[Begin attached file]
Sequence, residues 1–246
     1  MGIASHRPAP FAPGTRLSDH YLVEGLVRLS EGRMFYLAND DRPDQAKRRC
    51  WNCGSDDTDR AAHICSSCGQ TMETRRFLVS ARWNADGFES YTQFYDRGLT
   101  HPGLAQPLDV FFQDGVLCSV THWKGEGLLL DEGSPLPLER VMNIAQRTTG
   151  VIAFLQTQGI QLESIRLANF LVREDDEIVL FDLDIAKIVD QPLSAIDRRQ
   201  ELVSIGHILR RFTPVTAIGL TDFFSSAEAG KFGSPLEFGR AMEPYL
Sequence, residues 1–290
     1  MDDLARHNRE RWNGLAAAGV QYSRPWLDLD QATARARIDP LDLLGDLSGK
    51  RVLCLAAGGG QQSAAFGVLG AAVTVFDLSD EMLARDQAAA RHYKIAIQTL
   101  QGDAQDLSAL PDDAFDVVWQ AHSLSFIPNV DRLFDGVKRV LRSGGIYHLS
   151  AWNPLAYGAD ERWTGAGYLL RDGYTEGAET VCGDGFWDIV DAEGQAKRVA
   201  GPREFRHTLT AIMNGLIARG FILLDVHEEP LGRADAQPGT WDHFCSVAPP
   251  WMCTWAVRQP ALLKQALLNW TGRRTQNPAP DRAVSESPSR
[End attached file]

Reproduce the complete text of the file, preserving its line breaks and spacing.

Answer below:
Sequence, residues 1–246
     1  MGIASHRPAP FAPGTRLSDH YLVEGLVRLS EGRMFYLAND DRPDQAKRRC
    51  WNCGSDDTDR AAHICSSCGQ TMETRRFLVS ARWNADGFES YTQFYDRGLT
   101  HPGLAQPLDV FFQDGVLCSV THWKGEGLLL DEGSPLPLER VMNIAQRTTG
   151  VIAFLQTQGI QLESIRLANF LVREDDEIVL FDLDIAKIVD QPLSAIDRRQ
   201  ELVSIGHILR RFTPVTAIGL TDFFSSAEAG KFGSPLEFGR AMEPYL
Sequence, residues 1–290
     1  MDDLARHNRE RWNGLAAAGV QYSRPWLDLD QATARARIDP LDLLGDLSGK
    51  RVLCLAAGGG QQSAAFGVLG AAVTVFDLSD EMLARDQAAA RHYKIAIQTL
   101  QGDAQDLSAL PDDAFDVVWQ AHSLSFIPNV DRLFDGVKRV LRSGGIYHLS
   151  AWNPLAYGAD ERWTGAGYLL RDGYTEGAET VCGDGFWDIV DAEGQAKRVA
   201  GPREFRHTLT AIMNGLIARG FILLDVHEEP LGRADAQPGT WDHFCSVAPP
   251  WMCTWAVRQP ALLKQALLNW TGRRTQNPAP DRAVSESPSR